THE PEACE & VIOLENCE OF JUDAISM
The Peace and Violence of Judaism: From the Bible to Modern Zionism, by Robert Eisen, professor of Judaic studies at George Washington University, is an open-minded journey through Jewish philosophy. It candidly points out that Jewish teachings have in some cases advocated violence toward non-Jews while others promoted peace, and that “both readings are valid and authentic interpretations of Judaism.” The author notes, “While Jewish ethicists often use historical context to explain away unpleasant Jewish texts [often cited by critics of the Jews], they generally do not apply the same thinking to Jewish texts more to their liking.”
Having non-Jewish friends, the author says he “cannot accept rabbinic sources that equate non- Jews with animals nor the Kabbalistic notion that non-Jews are inherently evil.” He refers to the Kabbala, a mystical Jewish study that Christian advocates for Judaism and Israel prefer to ignore since its existence refutes the theory there is some kinship between Judaism and Christianity.
The author concludes, “Modern Zionism represents the active revival of the violent tendencies in Judaism which have emerged in the open once again because Jews have regained political and military power.”
THE MASADA MYTH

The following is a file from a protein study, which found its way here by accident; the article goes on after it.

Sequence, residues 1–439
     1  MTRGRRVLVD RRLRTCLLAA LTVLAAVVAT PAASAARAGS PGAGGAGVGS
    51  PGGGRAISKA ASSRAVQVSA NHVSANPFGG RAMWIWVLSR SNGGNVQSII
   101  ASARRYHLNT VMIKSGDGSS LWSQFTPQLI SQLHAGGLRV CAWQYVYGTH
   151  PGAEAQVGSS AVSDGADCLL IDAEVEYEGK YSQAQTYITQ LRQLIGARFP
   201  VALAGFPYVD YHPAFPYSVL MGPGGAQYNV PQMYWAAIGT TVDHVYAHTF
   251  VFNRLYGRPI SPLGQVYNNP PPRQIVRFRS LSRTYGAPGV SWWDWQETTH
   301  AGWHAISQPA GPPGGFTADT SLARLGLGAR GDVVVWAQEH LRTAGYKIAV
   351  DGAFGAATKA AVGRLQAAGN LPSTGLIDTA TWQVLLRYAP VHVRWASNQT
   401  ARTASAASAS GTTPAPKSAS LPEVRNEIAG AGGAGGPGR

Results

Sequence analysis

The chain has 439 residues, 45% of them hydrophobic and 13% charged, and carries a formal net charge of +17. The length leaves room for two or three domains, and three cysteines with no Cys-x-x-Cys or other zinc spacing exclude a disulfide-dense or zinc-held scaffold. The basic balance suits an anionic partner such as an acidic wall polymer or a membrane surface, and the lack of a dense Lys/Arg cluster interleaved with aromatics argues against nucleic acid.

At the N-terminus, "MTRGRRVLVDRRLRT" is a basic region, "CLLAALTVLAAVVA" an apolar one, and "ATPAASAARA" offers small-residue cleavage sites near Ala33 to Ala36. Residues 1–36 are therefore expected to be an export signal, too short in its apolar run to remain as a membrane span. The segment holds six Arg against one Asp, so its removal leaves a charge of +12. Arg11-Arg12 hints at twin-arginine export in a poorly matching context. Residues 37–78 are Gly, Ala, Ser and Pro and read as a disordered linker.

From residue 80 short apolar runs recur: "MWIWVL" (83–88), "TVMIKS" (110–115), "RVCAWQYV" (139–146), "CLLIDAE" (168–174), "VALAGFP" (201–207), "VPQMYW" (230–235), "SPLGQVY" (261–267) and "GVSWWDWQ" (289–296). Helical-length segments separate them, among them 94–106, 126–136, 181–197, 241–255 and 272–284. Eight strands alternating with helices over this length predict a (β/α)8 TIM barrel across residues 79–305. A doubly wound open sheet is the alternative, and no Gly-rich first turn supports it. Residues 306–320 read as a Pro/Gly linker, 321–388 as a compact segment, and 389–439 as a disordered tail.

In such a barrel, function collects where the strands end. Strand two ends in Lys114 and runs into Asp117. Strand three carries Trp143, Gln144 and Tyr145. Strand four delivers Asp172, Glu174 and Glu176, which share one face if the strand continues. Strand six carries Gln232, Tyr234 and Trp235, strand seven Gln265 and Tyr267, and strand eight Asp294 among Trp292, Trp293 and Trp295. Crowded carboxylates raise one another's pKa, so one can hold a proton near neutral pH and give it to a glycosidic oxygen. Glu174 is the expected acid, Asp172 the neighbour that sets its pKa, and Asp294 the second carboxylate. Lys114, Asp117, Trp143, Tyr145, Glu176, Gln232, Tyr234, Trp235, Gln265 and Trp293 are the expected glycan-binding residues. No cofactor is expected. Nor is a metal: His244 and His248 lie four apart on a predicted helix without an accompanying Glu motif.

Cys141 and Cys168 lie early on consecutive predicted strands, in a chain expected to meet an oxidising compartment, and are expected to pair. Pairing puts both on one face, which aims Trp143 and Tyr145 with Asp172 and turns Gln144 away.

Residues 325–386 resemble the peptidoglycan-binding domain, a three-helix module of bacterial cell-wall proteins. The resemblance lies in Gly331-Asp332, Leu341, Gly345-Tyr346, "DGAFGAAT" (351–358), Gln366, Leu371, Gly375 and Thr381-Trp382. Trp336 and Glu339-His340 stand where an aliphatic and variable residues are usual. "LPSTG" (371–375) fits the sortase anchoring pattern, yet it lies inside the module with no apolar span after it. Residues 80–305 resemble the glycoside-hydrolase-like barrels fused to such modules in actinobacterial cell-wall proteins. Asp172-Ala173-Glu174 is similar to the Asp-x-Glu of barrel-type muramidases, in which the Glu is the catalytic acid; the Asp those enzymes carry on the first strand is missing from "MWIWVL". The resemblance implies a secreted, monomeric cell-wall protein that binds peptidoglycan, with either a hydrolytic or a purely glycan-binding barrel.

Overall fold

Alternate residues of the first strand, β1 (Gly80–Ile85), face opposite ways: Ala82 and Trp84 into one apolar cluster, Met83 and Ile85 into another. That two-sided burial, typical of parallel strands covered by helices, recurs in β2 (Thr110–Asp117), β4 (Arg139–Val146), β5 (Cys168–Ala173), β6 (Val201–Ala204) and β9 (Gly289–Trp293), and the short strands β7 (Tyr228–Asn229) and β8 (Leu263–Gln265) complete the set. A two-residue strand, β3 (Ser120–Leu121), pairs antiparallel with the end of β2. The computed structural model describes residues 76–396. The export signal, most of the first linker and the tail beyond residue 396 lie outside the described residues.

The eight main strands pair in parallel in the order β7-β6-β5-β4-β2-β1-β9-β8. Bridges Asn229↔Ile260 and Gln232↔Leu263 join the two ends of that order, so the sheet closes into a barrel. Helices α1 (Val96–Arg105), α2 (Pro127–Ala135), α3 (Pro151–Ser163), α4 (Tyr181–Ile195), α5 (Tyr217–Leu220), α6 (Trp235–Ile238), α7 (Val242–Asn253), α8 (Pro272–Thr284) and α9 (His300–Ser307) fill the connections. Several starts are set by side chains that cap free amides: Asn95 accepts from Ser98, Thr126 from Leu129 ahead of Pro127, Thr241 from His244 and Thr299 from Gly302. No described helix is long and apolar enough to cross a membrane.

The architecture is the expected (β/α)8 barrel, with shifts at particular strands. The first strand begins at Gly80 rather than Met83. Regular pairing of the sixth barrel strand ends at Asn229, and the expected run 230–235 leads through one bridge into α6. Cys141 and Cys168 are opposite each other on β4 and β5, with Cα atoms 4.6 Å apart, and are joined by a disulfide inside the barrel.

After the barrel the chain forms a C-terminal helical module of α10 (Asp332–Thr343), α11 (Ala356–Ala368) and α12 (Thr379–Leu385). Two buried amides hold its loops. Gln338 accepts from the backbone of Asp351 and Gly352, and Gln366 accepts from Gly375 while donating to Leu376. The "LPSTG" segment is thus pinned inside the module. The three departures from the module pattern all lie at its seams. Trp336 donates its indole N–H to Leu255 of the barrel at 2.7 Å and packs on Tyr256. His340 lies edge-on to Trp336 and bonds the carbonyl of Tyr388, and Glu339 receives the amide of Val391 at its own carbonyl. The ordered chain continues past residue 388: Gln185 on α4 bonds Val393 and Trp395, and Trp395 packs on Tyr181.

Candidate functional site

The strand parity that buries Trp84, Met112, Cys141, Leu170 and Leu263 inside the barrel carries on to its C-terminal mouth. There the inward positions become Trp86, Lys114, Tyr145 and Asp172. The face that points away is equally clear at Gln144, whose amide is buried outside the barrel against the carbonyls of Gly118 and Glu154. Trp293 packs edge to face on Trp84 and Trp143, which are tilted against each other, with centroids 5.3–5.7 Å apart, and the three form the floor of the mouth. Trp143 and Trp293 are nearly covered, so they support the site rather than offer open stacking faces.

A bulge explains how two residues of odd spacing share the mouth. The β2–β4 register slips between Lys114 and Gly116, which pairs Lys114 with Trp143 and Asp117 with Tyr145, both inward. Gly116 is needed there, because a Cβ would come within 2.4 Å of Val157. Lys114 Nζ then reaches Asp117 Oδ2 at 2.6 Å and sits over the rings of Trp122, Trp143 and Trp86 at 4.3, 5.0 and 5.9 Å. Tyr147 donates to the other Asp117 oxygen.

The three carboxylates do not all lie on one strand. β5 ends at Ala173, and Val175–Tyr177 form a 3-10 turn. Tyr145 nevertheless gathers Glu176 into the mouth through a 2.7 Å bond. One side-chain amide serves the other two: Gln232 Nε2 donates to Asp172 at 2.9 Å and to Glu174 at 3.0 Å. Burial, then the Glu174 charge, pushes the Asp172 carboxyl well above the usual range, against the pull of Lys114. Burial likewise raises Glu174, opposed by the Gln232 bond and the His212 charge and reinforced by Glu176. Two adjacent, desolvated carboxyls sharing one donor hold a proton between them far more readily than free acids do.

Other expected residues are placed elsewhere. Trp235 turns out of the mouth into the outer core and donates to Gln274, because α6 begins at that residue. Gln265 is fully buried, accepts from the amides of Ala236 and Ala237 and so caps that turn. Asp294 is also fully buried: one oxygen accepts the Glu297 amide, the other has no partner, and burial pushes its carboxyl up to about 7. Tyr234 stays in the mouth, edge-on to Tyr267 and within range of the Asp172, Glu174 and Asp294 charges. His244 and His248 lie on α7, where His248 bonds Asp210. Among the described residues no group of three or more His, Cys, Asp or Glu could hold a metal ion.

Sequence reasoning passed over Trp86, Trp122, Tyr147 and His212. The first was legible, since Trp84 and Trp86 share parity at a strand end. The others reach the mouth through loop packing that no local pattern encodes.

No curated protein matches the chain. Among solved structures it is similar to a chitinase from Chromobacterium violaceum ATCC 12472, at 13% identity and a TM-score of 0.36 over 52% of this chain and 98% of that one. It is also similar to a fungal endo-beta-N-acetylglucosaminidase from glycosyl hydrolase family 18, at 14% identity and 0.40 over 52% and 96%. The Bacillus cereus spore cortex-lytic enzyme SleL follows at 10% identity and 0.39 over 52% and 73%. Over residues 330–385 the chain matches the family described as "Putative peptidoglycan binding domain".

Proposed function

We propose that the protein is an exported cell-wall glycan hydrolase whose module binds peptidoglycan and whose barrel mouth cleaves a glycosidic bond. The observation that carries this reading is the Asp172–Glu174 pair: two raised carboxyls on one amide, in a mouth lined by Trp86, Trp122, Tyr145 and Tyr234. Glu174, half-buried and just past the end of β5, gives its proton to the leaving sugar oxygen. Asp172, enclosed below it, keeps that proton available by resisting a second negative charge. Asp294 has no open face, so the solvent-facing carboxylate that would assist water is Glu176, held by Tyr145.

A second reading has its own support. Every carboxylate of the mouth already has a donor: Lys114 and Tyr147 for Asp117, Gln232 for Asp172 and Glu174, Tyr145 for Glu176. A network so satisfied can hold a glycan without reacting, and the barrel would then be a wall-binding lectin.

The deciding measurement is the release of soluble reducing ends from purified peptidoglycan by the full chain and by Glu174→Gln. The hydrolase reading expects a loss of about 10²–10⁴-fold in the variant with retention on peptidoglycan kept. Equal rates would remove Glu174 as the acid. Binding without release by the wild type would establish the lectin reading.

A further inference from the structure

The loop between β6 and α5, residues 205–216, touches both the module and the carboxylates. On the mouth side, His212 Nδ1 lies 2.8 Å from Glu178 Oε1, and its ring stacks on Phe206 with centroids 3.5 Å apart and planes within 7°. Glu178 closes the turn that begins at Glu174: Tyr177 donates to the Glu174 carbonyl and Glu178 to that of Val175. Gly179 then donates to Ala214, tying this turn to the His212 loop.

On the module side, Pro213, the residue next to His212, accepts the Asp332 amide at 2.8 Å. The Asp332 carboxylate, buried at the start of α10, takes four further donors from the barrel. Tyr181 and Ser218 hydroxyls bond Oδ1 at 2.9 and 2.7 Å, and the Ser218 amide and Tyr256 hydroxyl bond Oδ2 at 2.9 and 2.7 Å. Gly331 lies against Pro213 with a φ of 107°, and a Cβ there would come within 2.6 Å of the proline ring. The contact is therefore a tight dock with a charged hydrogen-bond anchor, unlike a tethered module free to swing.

The Masada Myth: Collective Memory and Mythmaking in Israel, by Machman Ben-Yehuda, a professor at Hebrew University in Jerusalem, dissects and lays to waste the much-touted claim by Israeli propagandists (hyped in the media) that, in ancient times, a group of Jewish warriors heroically fought to the death (committing mass suicide) under siege by Roman soldiers at a mountaintop fortress known as Masada. A foundation of modern-day Israel’s public relations gimmickry, this legend has — as the book notes — become “an ideological symbol for the state of Israel, the dramatic subject of movies and miniseries, a shrine venerated by generations of Zionists and Israeli soldiers, and the most profitable tourist attraction in modern Israel.”
But it’s all a myth and — though the author doesn’t say this — it reflects the perpetual lies put forth daily to the non-Jewish world by the Jewish-controlled media about the nation of Israel and Jewish affairs.
Anti-Judaism: The Western Tradition, by David Nirenberg, professor at the University of Chicago, is a thought-provoking work contending that, as one reviewer remarked, “hostility to Judaism is not the product of occasional historical conjunctures, economic crises or far right political victories. Rather, it is a constituent element of [Western] culture . . . .” In short, anyone accused of anti-Semitism is no far-out “extremist,” but someone who reflects Western tradition.
These are well-documented works, panoramic, historically sweeping and keyed directly to current events — must reading for serious students of modern reality and world affairs.
. . ..
Michael Collins Piper is the author of Final
, the controversial
“underground bestseller” documenting
the collaboration of Israeli intelligence in
the assassination of John F. Kennedy. He is
also the author of The New Babylon
High Priests of War
New Jerusalem: Zionist Power in America
Judas Goats: The Enemy Within
Secrets: Crime, Conspiracy & Cover-Up in
the 20th Century,
GOLEM: Israel's Hell Bomb
These works can
be found at America
He has lectured
on suppressed topics in places as diverse as
Malaysia, Japan, Canada, Russia and Abu Dhabi.
(Issue Number 31; August 4, 2014, AMERICAN